You may have woken up this morning to the news that the latest data and analysis from Nationwide has revealed that, for the first time since 2009, UK house prices have “fallen” for a third consecutive month.
The data for May showed that annual house price growth dipped to 2.1%, the weakest in almost four years, providing “further evidence that housing market is losing momentum”.
Well, that’s not a price fall, it’s a slow down in growth which is a completely different matter and a proper grown up institution like the Nationwide should know better than to scaremonger and misrepresent the facts.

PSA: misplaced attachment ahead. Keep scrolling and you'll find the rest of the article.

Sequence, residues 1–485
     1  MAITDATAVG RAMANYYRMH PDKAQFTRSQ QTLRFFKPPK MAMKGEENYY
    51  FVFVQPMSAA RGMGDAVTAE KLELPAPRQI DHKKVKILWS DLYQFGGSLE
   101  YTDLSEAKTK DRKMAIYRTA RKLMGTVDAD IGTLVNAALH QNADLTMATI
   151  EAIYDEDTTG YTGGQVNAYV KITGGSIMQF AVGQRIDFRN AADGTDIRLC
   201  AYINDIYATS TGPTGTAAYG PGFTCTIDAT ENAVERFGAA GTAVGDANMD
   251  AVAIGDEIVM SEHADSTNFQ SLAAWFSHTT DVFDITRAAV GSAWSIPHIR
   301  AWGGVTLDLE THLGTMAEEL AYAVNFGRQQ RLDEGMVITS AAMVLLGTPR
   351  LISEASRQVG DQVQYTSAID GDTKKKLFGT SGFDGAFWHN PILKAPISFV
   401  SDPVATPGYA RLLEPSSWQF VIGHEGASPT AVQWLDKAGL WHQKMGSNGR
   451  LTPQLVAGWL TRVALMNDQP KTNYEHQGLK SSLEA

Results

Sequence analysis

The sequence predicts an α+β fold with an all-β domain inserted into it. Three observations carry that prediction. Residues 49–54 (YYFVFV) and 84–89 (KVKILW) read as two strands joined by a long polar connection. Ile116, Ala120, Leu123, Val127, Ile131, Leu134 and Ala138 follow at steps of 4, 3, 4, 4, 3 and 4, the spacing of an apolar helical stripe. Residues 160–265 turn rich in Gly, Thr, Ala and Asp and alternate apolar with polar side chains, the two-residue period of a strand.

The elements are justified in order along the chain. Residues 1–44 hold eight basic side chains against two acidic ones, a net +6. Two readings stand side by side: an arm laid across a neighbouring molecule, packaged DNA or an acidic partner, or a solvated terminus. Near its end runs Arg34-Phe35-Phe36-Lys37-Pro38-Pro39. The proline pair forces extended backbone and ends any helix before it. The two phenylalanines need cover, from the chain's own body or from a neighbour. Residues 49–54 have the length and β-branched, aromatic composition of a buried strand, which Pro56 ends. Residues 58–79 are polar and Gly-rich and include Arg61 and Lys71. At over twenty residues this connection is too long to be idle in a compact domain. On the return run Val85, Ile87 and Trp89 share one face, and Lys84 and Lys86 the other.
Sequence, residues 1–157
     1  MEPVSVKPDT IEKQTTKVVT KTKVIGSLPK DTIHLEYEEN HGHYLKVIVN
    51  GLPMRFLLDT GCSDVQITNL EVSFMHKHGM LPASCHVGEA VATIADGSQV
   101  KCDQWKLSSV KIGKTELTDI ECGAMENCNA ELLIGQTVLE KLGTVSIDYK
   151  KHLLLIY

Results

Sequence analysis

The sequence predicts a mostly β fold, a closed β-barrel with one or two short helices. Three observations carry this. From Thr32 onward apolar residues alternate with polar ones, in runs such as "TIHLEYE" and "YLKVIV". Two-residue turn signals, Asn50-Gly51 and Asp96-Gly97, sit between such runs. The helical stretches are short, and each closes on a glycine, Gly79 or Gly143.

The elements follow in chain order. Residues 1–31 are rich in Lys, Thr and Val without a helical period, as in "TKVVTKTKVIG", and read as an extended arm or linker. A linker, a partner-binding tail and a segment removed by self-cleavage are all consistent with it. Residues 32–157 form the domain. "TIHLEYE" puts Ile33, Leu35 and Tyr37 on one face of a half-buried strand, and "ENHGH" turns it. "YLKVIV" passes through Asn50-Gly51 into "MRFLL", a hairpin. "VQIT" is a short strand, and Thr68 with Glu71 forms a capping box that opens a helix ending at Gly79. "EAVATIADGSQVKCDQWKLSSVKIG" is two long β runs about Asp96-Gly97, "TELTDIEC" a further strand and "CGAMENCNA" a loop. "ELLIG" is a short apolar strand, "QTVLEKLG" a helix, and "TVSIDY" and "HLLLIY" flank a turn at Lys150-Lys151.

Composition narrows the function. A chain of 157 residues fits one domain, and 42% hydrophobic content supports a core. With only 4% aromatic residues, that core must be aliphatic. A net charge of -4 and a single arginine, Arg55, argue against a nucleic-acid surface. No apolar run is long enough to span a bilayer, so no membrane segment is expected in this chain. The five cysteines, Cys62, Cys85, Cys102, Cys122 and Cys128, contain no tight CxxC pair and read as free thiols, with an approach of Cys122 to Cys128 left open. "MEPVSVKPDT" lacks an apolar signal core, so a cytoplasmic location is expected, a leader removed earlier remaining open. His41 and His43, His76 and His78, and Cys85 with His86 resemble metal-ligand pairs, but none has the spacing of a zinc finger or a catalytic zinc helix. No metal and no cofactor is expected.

The Nationwide supposedly analysed house price movements in the months around previous elections, and also last year’s EU referendum, and found that past general elections do not appear to have generated volatility in house prices or resulted in a significant change in house price trends or mortgage approvals.
Well, the details of that analysis are a mystery, but ask any estate agent and they will tell you that every election (and the referendum) leads to a hiatus in the market as buyers and sellers await the outcome of the inevitable uncertainty that surrounds an election process.